degrees for Patient 2 [not illustrated], and 19.1 degrees
for Patient 3 [not illustrated]).
The Table compares the individual values of the kinematic and EMG parameters measured in the 3 patients with those recorded in a group (n = 9) of
healthy subjects. For each of the 3 patients, the mean
movement amplitude was higher than the upper limit
of the 95% confidence interval of the normal values,
while the rate of rise (430) of the antagonist activity
was below the lower limit of the 95% confidence inter-
val of the normal values. By contrast, for each of the
3 patients, the integrated EMG agonist and antagonist
activities, the latency of the onset of the antagonist activity, and the rate of rise of the agonist activity were within
the 95% confidence interval of the normal values.
Discussion
The major EMG abnormality associated with cerebellar
hypermetria repeatedly has been found to be a delayed
onset of the braking activity of the antagonist muscle
[4, 8, 12, 131. We here report another type of unsuitability between the launching force (agonist activity)
and the braking force (antagonist activity) also resulting
in a hypermetria. The 3 patients described were able
to develop a correct rate of rise of the agonist muscle
(the launching force) and the timing of the agonistantagonist activities was normal. However, they were
unable to develop a normal rate of rise of the antagonist activity (the braking force). As a result, an imbalance between the agonist and the antagonist EMG activities emerged and the patients overshot the aimed
target. Moreover, failure of the agonist EMG to pause
briefly at the end of the acceleratory phase of movement might also play a significant role in the genesis
of hypermetria. Since the vermal and paravermal parts
of the cerebellum were more seriously damaged in our
patients, it is possible that regional differences in cerebellar degeneration might account for different types
of cerebellar hypermetria. Our findings could also explain the observation of Holmes, who described a decreased tone of the antagonist activity in cerebellar patients [ 1-31.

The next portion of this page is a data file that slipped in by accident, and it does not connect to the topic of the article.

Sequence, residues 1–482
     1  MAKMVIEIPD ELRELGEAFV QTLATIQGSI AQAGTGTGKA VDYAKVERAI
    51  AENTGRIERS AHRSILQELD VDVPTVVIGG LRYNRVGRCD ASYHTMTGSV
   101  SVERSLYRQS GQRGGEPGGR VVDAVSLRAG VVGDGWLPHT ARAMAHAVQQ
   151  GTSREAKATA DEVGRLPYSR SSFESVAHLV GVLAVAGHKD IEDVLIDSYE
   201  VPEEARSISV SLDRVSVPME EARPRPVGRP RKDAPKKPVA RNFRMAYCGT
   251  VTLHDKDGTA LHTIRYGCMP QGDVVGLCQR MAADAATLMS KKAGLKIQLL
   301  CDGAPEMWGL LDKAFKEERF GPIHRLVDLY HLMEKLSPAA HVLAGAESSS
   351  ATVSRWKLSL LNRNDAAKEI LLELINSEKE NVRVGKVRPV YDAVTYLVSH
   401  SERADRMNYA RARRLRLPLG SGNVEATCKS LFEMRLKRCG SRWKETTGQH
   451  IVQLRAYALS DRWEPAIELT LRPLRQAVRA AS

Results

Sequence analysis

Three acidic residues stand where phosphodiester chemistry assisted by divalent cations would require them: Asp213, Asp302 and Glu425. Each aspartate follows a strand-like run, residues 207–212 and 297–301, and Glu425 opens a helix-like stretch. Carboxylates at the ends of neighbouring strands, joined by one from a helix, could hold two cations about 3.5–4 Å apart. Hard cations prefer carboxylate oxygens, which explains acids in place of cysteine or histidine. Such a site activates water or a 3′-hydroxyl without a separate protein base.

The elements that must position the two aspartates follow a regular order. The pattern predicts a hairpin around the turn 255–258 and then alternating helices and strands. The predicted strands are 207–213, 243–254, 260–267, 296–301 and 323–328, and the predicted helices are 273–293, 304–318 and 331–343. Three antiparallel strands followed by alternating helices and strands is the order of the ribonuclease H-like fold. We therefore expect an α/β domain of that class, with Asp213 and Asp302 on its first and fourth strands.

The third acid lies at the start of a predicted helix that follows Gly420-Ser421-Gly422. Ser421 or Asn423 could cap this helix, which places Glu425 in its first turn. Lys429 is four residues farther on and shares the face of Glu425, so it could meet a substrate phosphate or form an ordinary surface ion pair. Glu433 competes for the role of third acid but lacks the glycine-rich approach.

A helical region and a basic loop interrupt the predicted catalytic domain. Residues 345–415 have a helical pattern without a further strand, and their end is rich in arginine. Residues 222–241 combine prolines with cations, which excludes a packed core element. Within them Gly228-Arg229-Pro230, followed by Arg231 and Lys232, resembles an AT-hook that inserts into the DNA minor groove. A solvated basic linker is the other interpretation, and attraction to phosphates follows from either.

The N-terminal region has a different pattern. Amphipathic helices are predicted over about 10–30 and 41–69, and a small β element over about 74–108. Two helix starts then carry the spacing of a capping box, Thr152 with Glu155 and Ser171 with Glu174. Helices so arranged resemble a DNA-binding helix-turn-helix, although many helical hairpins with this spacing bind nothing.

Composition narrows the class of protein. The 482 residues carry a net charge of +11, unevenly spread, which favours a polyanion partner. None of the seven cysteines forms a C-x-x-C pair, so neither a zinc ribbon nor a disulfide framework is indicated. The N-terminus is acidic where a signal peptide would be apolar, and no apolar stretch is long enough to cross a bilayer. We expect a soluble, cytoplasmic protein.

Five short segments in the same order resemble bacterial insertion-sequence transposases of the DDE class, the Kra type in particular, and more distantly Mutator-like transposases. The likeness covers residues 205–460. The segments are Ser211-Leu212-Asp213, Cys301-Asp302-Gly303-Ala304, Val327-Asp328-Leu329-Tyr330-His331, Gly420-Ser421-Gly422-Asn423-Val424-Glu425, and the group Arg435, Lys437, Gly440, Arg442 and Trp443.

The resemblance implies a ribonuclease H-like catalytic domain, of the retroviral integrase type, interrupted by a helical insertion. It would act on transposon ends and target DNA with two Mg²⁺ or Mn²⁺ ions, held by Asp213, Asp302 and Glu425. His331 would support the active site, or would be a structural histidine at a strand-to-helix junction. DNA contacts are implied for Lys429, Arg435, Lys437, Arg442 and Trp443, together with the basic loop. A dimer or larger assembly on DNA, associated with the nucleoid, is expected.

In two previous studies, we demonstrated that while
a healthy subject was able to increase both agonist and
Brief Communication: Manto et al: A New Mechanism of Cerebellar Hypermetria
273
antagonist activity when an inertial mass was added to
the moving hand, patients with a cerebellar disease
could increase appropriately their agonist but not their
antagonist activity [9, 101. This suggested that the cerebellum was involved not only in tht: computation of
the onset latency of the antagonist activity, but also in
the preprogrammation of the intensity of the antagonist muscle. The present findings suggest that the cerebellum contributes to the genesis of a normal rate of
rise of the antagonist activity in the basal condition
(no load addition) and that the computation of the
rate of rise of the antagonist muscle rnay be selectively
altered in some cerebellar patients. Tlherefore, we suggest that the rate of rise of the antagonist muscle is a
parameter of ballistic movements that should be measured in patien ts exhibiting cerebellar hypermetria.
Our results lead LIS to suggest that one of the functions of the cerebellum is tu tune the shape of the antagonist activity during fast and accurate movements.
Flament and Hore [8, 141, studying fast and accurate
elbow flexion movements in monkeys, observed that
cooling the dentate nucleus resulted in a less-abrupt
onset of the agonist activity. However, discrepancy between our findings on wrist movements and the observations on elbow movements could be due to differences in the involved inertias.
This study was supported by a grant from the I’hilippe and Th6rkse
Lefkbvre’s Fund. Mario Manro was supported by a grant from the
Erasme Fundation.
We arc gratefill to Christiane Busson for secrctarial assistance and
to Bernard Foucart for taking care of the elecironic equipment.
274 Annals of Neurology
Vol 39
No 2
February 1336
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3. Holmes G. The cerebellum of man. The Hughlings Jackson
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4. Gilman S, Bloedel JR, Lechtenberg I<. Disorders of the cerehellum. Contemporary neurology series, vol 2 1. Philadelphia:
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5. Meinck H M , Benecke R, Meyer W , er al. Human ballistic